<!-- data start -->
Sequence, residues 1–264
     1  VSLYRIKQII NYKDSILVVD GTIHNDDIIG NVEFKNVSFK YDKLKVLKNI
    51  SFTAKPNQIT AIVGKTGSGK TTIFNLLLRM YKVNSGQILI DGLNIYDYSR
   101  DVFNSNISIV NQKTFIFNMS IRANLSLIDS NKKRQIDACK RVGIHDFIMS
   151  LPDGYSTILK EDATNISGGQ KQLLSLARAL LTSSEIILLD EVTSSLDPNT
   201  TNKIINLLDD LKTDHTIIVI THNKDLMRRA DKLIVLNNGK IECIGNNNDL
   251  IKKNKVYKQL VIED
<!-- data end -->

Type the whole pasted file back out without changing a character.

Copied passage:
Sequence, residues 1–264
     1  VSLYRIKQII NYKDSILVVD GTIHNDDIIG NVEFKNVSFK YDKLKVLKNI
    51  SFTAKPNQIT AIVGKTGSGK TTIFNLLLRM YKVNSGQILI DGLNIYDYSR
   101  DVFNSNISIV NQKTFIFNMS IRANLSLIDS NKKRQIDACK RVGIHDFIMS
   151  LPDGYSTILK EDATNISGGQ KQLLSLARAL LTSSEIILLD EVTSSLDPNT
   201  TNKIINLLDD LKTDHTIIVI THNKDLMRRA DKLIVLNNGK IECIGNNNDL
   251  IKKNKVYKQL VIED